Letters to Max (2015)

September 28th, 2015
Author: Meredith Taylor

Dir.: Eric Baudelaire | Documentary | France 2014 | 103 min.

When filmmaker Eric Baudelaire (The Ugly One), wrote to the ex-foreign minister of the Republic of Abkhazia, Maxim Gvinja, he did not expect any reply. But this documentary is not only proof that Abkhazia exists, but also offers insight into the national identity of a mini-state.

LETTERS TO MAX would have been a successful medium length film; after all, not many people in this country know much about Abkhazia. But once again, its length minimises the impact: after all, there is not that much to say and Max’s ramblings about his self-invented philosophy get more and more tedious. The haphazard structure would have equally worked much better for a much shorter film. Overall, less would have been very much more.

It emerges that Abkhazia is a country of around 240 000 inhabitants, once part of Georgia, it is situated at the eastern coast of the Black Sea. After the dissolution of the Soviet Union, Georgia gained independence, but some regions wanted their independence from the Georgia, among them Abkhazia. In the war of independence during 1992/3, the Republic of Abkhazia was established with the help of Russian troops. Many Georgians fled across the border.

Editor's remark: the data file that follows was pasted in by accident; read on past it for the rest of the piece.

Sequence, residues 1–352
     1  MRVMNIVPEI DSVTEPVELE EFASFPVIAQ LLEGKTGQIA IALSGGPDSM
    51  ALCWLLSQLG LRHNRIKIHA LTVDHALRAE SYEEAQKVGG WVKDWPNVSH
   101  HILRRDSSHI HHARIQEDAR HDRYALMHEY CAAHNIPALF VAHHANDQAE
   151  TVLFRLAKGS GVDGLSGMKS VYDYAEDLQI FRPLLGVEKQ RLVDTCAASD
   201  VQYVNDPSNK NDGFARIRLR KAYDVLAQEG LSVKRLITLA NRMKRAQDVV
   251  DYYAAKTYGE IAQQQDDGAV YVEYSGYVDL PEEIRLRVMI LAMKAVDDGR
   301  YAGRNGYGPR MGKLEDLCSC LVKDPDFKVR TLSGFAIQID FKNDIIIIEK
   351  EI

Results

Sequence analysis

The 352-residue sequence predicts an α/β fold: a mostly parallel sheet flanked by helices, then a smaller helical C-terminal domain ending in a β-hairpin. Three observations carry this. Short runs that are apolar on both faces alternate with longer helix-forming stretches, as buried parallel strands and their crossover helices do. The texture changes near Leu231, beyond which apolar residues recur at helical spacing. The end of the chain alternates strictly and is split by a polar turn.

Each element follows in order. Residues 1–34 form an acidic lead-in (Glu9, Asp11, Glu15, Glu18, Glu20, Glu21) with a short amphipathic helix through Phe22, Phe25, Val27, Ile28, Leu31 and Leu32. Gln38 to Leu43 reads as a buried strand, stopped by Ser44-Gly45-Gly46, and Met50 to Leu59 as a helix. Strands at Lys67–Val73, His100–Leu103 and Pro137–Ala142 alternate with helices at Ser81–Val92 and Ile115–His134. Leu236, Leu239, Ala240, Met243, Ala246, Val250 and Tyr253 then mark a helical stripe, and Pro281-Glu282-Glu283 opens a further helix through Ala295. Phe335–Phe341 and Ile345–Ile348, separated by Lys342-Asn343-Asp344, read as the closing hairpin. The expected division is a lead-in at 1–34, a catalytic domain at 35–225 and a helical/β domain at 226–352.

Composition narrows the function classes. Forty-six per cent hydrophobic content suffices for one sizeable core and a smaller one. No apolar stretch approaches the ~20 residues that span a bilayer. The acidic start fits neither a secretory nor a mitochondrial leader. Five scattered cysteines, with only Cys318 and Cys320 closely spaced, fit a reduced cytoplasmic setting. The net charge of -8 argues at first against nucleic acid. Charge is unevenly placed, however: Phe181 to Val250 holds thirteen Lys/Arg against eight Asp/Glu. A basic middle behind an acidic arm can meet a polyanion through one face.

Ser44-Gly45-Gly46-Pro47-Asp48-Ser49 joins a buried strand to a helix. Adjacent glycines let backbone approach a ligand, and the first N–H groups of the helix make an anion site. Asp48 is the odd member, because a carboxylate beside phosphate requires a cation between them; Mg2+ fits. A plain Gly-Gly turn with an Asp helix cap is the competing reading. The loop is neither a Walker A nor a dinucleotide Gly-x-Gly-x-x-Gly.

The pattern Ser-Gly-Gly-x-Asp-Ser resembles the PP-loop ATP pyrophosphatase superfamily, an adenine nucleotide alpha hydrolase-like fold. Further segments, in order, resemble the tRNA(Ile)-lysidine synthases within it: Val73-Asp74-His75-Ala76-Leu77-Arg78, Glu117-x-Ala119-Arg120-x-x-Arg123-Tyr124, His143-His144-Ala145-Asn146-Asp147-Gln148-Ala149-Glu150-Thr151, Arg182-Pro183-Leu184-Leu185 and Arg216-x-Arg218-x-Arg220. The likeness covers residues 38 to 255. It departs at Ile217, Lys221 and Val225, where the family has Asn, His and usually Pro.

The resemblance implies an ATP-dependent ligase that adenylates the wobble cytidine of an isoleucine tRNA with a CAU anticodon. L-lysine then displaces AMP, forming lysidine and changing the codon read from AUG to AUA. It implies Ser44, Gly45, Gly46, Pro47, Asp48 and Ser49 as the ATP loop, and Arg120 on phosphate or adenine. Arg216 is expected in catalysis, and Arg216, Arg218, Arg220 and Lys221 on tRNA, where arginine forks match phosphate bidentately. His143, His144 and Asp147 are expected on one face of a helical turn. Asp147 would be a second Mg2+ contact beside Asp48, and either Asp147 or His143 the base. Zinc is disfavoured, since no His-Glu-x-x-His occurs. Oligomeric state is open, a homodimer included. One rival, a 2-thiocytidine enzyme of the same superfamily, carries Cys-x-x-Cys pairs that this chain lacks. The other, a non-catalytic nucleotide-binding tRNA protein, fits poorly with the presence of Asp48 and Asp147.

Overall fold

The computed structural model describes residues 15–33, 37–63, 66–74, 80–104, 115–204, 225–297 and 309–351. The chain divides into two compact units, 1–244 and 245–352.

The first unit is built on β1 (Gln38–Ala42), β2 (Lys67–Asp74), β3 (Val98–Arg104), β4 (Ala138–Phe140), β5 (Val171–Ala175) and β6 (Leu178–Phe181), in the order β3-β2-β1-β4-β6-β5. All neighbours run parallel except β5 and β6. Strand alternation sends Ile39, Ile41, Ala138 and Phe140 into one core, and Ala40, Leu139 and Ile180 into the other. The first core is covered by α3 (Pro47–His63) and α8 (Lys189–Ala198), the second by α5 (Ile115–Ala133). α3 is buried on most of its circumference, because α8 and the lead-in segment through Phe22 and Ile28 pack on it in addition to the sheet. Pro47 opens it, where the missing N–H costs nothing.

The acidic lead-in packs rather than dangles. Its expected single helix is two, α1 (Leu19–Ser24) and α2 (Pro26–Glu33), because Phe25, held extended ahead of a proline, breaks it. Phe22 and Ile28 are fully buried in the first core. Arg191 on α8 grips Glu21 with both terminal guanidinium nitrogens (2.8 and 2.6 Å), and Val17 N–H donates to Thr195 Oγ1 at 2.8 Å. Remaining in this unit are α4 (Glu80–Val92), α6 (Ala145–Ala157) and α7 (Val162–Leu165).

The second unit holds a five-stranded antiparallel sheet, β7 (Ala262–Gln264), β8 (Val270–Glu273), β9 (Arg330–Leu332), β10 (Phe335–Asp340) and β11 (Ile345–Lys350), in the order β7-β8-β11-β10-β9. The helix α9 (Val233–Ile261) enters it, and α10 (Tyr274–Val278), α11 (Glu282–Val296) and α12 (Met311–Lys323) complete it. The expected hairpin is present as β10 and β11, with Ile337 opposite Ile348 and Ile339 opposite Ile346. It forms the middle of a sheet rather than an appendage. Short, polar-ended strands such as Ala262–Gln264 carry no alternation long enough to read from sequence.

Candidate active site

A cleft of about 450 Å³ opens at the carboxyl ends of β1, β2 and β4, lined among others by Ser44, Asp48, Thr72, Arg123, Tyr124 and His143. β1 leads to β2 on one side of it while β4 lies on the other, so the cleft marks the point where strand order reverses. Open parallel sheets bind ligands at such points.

The documentary is an essay on statehood, Eric asking in his letters “how it feels to be an Abkhazian”, whilst Max answers in sending him video material, which shows not only his country, but also Max in his different incarnations of a patriot. Since Max is very proud of being a citizen of his country – not surprisingly of an ex-minister – his images show Abkhazia in all his glory: the beautiful, wild landscape and the romantic villages are indeed a scenery to be proud of. But everywhere we find empty houses and Max talks about the exodus of the Georgians, for whom he sees no possibility of repatriation. This chapter is closed, and Max, who is open to discuss nearly everything in a self-critical way, is adamant on this point. Images from his time as foreign minister see him visiting Cuba and Venezuela, two countries who recognise the independent existence of this state, which many others see as a Russian satellite state. The overall impression is a certain gloominess; the mass exodus of Georgians can still be felt as a cloud laying heavily over the countryside. AS


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